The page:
Health, Husbandry, and the Science Behind Wagyu Beef

By its very nature and existence, Wagyu beef is the healthiest beef one can possibly eat. The health benefits of Wagyu far outweigh those of both beef and other meats altogether (including fish and chicken). But raising and harvesting Wagyu is also a science in and of itself, both to cultivate and maintain the genetics and lineage of these very special cows. As today’s consumers have become more concerned with maintaining an awareness in what they eat, where it’s coming from, and how it’s cultivated, Wagyu becomes more and more the meat of the 21st century.

Wagyu is not just a trend: It’s meat for the health-conscious meat consumer. And the care, cultivation, and breeding—better known as the “husbandry”—of Wagyu are all absolutely integral to Browsey Acres.

Wagyu meat is high in oleic acid, which makes its health benefits much more in line with those of almonds and olive oil. Oleic acid is a fatty acid—the most common fatty acid in nature—and one that scientific studies have found to be beneficial in preventing heart disease and certain cancers. In Wagyu meat, it is oleic acid that makes the fat so soft and provides the lower melting point. For comparison, what would be considered conventional beef is higher in stearic acid (saturated fatty acid), which makes their fat harder and with a higher melting point. This difference in fat profiling between Wagyu and conventional beef comes from different DNA sequences of the Stearoyl-CoA desaturase (SCD) gene.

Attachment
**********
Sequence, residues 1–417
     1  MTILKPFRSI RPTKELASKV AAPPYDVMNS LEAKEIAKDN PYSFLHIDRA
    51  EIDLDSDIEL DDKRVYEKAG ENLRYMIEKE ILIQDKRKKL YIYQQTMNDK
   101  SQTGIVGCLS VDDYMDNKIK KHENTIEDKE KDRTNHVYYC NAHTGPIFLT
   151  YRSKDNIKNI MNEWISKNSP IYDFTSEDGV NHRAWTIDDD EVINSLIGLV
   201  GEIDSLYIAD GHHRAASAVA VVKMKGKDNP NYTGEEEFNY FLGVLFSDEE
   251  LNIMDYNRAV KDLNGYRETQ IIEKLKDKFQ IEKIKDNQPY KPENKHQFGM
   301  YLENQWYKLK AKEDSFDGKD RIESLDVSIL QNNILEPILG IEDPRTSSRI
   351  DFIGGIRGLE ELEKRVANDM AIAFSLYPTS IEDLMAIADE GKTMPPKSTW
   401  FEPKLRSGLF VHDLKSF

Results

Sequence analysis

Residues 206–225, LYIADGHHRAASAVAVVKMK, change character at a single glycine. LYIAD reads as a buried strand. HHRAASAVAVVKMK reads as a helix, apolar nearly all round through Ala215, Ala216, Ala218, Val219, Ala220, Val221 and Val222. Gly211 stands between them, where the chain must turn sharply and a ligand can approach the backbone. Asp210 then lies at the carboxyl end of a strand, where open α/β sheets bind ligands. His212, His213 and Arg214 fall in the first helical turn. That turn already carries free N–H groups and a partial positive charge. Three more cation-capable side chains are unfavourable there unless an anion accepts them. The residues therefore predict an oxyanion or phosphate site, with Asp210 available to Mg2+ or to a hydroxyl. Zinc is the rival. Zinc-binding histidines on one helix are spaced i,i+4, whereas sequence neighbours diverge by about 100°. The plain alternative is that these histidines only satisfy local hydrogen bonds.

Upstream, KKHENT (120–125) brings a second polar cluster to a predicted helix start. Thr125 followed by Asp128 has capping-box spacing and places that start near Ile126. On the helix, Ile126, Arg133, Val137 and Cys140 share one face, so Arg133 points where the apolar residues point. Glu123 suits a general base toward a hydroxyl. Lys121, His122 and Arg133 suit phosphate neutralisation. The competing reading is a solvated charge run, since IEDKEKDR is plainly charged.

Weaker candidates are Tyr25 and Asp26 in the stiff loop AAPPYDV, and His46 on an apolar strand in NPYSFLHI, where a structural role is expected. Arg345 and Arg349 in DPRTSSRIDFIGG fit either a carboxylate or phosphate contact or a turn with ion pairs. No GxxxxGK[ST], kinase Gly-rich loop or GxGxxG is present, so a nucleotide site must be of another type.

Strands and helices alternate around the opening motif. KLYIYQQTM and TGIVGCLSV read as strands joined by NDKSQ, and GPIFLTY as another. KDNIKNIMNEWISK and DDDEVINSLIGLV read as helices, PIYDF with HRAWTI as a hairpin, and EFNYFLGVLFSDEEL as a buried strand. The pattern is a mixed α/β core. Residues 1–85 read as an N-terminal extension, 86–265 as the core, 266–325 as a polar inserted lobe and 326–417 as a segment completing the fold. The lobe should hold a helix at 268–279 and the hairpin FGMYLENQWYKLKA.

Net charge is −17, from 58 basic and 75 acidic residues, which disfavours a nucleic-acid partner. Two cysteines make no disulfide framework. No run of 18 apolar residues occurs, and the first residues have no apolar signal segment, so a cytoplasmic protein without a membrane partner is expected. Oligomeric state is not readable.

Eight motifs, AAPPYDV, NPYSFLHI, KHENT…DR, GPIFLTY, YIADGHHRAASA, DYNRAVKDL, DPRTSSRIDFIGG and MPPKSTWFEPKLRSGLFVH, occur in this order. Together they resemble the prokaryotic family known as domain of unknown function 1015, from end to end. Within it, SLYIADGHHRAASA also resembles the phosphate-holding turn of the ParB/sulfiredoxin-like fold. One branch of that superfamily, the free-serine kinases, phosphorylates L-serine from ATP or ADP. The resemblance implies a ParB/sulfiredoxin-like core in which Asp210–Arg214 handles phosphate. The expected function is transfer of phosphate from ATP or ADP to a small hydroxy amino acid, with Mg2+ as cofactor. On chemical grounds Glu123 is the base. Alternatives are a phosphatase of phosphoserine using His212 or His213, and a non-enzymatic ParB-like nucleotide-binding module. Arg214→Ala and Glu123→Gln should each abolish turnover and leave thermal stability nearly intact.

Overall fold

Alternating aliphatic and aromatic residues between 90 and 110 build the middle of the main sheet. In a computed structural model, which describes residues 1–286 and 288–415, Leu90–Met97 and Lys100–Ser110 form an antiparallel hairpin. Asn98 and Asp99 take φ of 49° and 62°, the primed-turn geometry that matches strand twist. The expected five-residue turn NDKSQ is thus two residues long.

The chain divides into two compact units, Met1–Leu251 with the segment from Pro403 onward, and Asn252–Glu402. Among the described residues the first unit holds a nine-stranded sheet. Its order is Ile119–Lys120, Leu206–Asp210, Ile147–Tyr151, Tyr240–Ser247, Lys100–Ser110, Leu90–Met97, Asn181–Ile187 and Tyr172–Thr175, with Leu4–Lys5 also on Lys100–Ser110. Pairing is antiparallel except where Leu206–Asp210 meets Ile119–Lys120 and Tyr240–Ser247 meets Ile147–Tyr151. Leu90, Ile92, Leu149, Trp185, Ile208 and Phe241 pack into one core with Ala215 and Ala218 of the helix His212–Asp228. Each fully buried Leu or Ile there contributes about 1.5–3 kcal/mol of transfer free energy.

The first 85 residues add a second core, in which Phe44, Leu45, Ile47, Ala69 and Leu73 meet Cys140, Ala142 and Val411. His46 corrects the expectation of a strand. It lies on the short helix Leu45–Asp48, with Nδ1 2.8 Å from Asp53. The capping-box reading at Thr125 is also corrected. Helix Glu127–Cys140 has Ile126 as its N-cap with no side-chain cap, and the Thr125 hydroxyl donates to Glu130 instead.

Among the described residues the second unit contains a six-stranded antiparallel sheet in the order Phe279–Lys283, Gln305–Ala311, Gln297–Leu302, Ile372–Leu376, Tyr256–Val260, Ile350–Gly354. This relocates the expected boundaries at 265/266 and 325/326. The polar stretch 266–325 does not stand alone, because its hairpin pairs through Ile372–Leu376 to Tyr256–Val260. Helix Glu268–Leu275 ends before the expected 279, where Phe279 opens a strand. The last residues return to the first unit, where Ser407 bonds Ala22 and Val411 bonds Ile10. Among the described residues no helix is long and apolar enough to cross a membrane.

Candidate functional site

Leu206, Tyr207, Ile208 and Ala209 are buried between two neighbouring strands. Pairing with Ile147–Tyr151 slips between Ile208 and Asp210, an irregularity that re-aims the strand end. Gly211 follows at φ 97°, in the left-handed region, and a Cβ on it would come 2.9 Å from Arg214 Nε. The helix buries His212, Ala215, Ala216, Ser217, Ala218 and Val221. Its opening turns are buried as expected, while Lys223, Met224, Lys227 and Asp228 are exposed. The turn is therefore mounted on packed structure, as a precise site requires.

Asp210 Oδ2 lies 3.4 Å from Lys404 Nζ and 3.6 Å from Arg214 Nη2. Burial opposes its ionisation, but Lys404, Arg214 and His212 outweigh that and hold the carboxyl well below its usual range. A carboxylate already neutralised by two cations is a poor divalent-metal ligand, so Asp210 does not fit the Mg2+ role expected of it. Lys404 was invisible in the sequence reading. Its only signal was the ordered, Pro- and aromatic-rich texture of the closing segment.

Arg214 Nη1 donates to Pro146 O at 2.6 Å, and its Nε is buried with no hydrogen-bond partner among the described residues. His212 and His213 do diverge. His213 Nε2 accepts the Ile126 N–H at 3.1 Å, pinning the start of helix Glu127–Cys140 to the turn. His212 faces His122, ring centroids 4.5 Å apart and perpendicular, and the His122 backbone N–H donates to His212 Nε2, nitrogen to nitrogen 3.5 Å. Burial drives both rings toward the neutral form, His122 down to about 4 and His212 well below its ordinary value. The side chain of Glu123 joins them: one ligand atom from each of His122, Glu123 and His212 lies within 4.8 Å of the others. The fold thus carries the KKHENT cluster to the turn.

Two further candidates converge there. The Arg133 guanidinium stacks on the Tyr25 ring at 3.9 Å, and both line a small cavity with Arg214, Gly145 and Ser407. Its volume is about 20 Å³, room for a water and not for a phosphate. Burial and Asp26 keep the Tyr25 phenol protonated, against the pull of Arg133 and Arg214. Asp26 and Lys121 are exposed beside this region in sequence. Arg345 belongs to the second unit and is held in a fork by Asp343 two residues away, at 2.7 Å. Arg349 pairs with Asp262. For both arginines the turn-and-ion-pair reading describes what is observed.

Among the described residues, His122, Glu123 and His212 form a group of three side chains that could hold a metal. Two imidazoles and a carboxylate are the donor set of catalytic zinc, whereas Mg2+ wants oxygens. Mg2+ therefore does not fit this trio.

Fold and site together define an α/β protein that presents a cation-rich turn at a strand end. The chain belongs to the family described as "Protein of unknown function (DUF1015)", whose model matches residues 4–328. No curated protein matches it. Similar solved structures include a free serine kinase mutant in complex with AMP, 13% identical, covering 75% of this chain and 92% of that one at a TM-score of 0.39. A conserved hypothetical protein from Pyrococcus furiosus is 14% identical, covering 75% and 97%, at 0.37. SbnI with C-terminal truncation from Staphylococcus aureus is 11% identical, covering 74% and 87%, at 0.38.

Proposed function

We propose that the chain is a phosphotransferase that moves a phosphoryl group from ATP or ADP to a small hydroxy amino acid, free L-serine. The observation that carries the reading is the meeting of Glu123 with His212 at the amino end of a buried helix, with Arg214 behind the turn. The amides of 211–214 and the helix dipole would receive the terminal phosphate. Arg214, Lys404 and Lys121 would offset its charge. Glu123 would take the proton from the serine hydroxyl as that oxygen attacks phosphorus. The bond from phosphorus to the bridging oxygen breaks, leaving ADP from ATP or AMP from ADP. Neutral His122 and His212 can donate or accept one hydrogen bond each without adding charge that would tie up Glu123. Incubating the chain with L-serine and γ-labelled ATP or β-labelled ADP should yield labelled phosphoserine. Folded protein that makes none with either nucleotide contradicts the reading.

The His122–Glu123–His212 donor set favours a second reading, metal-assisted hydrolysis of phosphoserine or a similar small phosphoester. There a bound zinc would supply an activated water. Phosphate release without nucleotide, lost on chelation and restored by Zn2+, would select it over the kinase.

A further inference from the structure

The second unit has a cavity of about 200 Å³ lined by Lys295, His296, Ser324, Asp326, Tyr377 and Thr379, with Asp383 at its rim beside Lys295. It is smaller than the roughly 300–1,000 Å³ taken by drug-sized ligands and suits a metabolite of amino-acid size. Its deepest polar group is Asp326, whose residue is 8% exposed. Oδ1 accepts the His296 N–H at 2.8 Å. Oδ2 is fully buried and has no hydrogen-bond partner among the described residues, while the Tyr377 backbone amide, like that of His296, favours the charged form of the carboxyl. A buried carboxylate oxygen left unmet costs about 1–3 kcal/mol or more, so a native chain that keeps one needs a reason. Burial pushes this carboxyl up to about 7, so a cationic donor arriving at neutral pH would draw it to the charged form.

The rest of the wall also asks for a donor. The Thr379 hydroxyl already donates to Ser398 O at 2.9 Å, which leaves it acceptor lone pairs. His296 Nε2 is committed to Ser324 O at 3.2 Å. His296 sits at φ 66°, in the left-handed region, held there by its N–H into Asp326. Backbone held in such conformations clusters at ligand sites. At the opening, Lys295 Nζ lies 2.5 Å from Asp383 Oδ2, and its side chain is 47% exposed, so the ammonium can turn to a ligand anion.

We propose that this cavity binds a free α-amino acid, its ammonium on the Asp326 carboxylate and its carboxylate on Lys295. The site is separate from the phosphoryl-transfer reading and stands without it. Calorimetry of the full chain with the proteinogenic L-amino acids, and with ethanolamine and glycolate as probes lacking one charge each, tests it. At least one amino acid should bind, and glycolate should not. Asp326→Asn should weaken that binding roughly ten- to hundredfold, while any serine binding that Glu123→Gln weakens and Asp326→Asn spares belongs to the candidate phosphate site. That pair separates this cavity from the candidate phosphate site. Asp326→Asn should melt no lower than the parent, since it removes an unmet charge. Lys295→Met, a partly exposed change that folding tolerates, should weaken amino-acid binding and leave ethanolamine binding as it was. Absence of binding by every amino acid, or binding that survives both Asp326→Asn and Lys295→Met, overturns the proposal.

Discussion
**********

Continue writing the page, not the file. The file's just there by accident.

The SCD gene is the enzyme that changes stearic acid into oleic acid. Based on research done at Kobe University in Japan, in Japanese Black Wagyu cattle, there are two different DNA sequences of the SCD gene, which are A & V. Some—but not all—of these Wagyu cattle carry a mutation that changes the corresponding amino acid from Valine (V) to Alanine (A), which also has a significant relationship to the melting point of fat. Alanine type has a lower melting point than Valine type, which is why the preferred type for Wagyu during SCD testing is “AA.”

SCD testing is not and should not be used as the sole selection criteria for Wagyu farmers selecting cattle; instead it is simply a relevant part of the selection process. Wagyu farmers can now perform SCD tests (genetic profiling from a DNA test) to determine the probability of healthy fats in their herd and to identify cattle with dominant genetic markers. Which is why Browsey Acres—in conjunction with our partner, Sustainable Natural Foods—SCD tests all of our Wagyu cattle, which allows us to prove and guarantee the genetic traits that determine the health benefits of all of our cows.